England’s friendly clash with Germany at Wembley on Friday will see a video assistant referee (VAR) used in an official match in the United Kingdom.
Fittingly, England and Germany matches have a history of controversial incidents which would have been avoided with VAR.
England won the 1966 World Cup final against West Germany partly down to Geoff Hurst’s second goal being given despite not crossing the line.
And, at the 2010 World Cup, Frank Lampard thought he had scored to tie the game at 2-2, but his effort was wrongly deemed not to have crossed the line. England went on to lose 4-1.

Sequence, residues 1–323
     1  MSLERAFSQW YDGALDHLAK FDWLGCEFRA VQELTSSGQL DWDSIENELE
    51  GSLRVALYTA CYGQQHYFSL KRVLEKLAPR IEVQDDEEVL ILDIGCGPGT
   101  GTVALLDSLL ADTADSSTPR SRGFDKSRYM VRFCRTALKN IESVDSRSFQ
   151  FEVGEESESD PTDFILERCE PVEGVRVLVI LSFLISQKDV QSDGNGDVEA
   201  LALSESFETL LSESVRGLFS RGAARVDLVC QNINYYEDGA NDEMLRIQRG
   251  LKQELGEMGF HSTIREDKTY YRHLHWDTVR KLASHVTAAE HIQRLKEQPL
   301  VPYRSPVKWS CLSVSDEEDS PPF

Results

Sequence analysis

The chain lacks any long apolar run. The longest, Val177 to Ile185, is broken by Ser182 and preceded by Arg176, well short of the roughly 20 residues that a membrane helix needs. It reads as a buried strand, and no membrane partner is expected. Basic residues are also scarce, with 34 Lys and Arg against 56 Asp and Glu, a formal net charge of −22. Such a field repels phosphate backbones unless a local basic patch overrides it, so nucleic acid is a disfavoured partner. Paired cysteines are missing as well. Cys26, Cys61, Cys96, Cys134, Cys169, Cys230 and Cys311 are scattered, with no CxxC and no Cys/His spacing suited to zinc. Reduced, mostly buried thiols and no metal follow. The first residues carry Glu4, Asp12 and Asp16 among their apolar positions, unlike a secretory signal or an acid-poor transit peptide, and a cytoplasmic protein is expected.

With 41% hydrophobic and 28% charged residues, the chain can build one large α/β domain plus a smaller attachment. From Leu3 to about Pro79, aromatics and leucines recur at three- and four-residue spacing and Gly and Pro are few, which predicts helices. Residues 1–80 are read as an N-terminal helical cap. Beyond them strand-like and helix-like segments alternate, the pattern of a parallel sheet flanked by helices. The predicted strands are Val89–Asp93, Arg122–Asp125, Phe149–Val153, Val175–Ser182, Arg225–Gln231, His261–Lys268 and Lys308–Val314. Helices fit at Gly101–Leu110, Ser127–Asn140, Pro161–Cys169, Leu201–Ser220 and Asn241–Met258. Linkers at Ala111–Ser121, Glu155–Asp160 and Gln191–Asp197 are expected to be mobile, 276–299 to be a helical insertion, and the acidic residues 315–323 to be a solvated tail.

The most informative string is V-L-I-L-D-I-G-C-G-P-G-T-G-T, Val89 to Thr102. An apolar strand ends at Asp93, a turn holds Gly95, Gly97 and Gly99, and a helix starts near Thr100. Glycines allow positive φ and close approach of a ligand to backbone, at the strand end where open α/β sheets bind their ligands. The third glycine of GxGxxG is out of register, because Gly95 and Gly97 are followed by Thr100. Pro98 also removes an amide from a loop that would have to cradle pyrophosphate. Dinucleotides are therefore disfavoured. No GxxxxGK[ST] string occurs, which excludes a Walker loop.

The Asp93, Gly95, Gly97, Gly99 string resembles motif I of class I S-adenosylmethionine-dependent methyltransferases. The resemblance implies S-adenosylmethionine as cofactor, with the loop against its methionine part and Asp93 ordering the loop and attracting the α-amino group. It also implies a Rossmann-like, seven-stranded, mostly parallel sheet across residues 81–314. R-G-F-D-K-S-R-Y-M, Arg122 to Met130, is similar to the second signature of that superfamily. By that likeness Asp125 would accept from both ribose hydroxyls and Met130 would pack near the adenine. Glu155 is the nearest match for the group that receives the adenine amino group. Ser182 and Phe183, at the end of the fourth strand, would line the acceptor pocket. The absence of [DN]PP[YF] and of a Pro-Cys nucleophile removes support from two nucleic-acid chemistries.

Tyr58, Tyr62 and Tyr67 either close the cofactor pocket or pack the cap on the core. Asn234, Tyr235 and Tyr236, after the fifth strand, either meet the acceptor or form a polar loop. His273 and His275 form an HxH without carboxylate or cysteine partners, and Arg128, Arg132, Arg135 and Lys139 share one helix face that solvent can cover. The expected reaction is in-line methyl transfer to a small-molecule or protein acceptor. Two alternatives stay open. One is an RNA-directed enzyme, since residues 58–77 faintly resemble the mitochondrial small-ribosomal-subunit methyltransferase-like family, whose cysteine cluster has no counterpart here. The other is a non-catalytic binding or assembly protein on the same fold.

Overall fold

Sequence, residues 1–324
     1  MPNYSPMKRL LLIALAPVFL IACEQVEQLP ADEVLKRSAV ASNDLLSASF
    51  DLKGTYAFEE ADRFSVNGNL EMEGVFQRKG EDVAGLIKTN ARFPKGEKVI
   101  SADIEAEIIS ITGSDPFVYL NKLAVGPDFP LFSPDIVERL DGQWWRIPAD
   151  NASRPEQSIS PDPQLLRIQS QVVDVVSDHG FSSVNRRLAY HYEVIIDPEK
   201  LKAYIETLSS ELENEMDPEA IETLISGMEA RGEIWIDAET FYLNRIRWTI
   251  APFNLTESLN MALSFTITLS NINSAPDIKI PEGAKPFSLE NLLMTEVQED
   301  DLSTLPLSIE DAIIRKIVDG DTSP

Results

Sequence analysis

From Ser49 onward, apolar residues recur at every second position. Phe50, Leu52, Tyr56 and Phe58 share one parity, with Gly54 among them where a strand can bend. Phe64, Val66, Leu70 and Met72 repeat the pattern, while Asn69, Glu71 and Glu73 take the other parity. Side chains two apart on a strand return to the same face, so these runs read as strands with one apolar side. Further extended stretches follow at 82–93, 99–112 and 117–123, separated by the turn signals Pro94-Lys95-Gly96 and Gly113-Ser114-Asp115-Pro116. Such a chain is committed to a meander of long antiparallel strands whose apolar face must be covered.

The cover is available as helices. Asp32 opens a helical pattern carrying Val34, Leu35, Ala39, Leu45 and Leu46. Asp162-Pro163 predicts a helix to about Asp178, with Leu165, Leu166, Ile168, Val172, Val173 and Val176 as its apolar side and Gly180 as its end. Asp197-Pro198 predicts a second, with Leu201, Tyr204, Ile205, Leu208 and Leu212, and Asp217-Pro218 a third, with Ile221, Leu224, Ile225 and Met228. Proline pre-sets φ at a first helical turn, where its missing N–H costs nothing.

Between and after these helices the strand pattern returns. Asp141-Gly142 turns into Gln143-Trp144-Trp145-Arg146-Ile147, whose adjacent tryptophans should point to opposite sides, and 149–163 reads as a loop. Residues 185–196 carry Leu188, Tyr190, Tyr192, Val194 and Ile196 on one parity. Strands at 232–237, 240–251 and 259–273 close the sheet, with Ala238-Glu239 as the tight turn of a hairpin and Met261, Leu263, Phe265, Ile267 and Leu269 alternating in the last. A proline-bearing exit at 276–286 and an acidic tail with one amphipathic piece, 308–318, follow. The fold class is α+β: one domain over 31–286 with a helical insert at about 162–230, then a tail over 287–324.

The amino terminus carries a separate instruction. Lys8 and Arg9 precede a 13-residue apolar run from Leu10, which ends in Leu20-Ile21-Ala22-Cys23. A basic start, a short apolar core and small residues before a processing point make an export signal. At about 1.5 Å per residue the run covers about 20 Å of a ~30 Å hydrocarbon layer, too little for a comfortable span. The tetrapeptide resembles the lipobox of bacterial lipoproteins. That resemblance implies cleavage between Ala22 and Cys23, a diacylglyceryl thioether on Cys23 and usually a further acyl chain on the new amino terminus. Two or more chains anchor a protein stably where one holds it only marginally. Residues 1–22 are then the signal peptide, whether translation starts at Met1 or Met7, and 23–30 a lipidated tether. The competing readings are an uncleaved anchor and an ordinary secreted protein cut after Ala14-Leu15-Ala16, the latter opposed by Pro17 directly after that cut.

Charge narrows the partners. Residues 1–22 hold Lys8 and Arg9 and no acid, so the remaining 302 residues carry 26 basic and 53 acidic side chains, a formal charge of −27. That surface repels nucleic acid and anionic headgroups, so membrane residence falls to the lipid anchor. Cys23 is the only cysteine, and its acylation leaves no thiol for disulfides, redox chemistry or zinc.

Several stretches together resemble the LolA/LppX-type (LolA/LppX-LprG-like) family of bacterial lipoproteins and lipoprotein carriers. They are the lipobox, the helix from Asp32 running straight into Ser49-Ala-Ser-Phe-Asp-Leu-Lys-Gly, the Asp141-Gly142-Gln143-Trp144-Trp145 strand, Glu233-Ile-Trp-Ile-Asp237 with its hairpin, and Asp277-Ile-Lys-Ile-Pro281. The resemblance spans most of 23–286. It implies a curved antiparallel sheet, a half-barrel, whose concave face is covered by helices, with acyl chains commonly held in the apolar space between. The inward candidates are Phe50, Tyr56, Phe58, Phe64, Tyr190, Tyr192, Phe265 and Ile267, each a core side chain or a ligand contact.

The International Football Association Board (IFAB) agreed to a two-year test of VAR in 2016, making goals, penalties, straight red cards and mistaken identity cases reviewable by match officials.
VARs and other officials do not have the power to insist that the referee consults video evidence of an incident, but they are able to recommend that a decision is looked at.
Wembley has seen VAR used once before, with a charity match in October playing the role of testing ground for the system.
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